Editorial | The County That Reads

04/15/2013 6:00 PM

04/13/2013 10:14 PM

Being in the business of writing and publishing, we’re just a bit biased when it comes to literacy. Reading is a good thing. Well, more than that, actually. It’s a life necessity.

So when we heard about Conway’s upcoming RiverRead festival, we were more than a little bit excited. What better to celebrate than the joy of reading? And especially during National Library Week.

Credit the great idea to Conway City Councilwoman Barbara Blain-Olds, who heard the call at a state Municipal Association meeting – along with many others – to develop a festival based around a unique trait of her town. Tasked with coming up with something that represented Conway, Blain-Olds opted for reading, one of her own favorite activities.

Saturday, Blain-Olds and others will be meeting at the city’s downtown Riverwalk to hear authors read their work, swap a few books, take part in a group reading and watch a parade of storybook characters.

Importantly, the festival seeks to do more than just preach to the reading choir. Blain-Olds, whose favorite book is “The Giving Tree,” said she hopes to remind people who haven’t read in a long time of the delight it can bring. “My first thought was to refurbish in people the joy of reading,” she said.

The task is even more critical because a third of eighth graders in Horry County are reading below grade level, and the Horry County Literacy Council has estimated that 25 to 30 percent of area adults are functionally illiterate, reading below a fifth grade level.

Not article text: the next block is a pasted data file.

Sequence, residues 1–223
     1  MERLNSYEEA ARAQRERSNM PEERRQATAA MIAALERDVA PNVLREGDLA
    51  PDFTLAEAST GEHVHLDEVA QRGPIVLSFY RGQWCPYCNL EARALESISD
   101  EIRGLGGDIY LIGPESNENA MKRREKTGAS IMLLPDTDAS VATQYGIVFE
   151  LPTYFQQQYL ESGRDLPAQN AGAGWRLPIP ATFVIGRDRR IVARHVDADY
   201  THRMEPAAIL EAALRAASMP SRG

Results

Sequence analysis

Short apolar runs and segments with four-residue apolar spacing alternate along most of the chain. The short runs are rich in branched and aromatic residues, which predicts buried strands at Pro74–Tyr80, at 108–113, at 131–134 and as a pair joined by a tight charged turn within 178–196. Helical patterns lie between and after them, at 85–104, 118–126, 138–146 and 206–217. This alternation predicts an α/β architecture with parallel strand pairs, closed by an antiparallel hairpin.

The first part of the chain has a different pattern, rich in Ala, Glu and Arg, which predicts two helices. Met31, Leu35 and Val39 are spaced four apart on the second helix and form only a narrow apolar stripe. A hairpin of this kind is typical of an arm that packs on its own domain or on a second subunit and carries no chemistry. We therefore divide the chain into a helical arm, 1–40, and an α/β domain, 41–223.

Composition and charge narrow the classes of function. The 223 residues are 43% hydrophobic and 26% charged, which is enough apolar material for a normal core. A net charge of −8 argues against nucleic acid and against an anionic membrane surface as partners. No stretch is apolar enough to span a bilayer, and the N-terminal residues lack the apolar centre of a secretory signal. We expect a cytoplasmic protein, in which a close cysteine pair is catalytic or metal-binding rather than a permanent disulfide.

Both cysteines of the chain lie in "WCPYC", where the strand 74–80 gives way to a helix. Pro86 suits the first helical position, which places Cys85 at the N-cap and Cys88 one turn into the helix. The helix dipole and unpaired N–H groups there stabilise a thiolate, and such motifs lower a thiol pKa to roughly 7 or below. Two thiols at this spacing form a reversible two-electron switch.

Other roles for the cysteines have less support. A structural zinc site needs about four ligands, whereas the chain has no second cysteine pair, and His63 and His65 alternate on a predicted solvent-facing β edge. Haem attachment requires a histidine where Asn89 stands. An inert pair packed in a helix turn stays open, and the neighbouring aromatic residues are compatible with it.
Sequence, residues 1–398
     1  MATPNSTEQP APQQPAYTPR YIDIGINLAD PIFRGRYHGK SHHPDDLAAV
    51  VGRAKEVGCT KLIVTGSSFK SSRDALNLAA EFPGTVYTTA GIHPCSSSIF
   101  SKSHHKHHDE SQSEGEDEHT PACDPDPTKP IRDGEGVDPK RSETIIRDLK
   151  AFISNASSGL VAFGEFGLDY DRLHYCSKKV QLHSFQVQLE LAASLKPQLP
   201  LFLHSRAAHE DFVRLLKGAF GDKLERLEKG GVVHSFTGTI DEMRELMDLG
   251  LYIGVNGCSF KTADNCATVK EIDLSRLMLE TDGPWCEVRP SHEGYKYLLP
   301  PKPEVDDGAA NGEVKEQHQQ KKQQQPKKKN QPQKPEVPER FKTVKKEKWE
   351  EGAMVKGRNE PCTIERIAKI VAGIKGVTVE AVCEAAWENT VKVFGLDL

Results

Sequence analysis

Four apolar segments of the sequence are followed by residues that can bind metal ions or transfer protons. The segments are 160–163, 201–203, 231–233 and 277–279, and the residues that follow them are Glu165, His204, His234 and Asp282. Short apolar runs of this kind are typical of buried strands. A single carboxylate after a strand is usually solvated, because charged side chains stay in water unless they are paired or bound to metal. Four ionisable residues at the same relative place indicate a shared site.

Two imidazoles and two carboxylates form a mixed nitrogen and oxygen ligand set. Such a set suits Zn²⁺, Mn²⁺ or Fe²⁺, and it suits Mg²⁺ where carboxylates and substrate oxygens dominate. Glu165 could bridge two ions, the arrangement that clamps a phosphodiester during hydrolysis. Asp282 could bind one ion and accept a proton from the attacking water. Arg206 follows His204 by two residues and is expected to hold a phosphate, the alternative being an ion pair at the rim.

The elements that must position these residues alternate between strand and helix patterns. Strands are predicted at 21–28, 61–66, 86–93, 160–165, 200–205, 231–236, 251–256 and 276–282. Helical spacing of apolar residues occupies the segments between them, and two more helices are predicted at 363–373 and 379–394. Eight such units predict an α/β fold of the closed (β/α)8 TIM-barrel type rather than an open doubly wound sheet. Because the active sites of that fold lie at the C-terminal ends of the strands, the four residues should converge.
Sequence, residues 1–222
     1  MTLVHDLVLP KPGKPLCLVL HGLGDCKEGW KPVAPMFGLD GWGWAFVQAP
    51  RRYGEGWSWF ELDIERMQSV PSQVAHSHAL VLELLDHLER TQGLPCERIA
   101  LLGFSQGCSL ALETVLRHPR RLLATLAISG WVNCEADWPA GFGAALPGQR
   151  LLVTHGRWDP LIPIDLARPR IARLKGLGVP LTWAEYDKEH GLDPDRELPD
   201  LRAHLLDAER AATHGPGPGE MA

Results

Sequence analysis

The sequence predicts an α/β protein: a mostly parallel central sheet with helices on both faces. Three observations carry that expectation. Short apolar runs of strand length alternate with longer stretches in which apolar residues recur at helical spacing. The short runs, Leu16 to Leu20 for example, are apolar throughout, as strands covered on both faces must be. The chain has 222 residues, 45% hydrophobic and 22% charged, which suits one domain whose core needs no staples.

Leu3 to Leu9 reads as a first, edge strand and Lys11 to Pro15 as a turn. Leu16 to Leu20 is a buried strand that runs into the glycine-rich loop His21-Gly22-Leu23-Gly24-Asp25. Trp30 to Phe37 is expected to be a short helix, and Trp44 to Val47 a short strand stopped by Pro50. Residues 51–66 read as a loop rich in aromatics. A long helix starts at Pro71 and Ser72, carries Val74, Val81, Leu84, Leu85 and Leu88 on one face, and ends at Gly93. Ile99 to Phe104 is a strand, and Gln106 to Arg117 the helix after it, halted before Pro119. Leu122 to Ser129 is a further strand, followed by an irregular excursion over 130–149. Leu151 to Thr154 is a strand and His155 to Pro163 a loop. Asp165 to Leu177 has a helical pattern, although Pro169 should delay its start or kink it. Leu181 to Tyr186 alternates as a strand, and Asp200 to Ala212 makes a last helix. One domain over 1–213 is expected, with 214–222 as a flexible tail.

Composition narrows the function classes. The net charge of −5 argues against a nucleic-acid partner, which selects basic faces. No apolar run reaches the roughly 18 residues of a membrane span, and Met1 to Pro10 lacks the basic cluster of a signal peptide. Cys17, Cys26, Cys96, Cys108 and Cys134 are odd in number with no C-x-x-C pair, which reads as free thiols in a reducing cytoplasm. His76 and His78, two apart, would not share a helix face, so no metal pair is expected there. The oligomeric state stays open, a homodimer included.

Getting athletes and local celebrities to read on Saturday is part of Blain-Olds’ strategy for making a dent in those numbers. Her hope is that by seeing people they look up to as heroes or role models reading, children will see it as an activity to be enjoyed and treasured rather than disliked.

“I hope to instill in some child that this like the coolest thing in the world because the captain of the football team is reading,” she said.

Last week, Blain-Olds pointed to Baltimore, which has adopted the slogan of “the city that reads.” She hopes to join it. “They won’t be the only city that reads,” she said.

She has no plans to stop with just one festival, and is already planning next year’s. She’s also hoping the idea expands to other local communities, and we can only echo that goal. Why settle for one city? Let’s be the county that reads.

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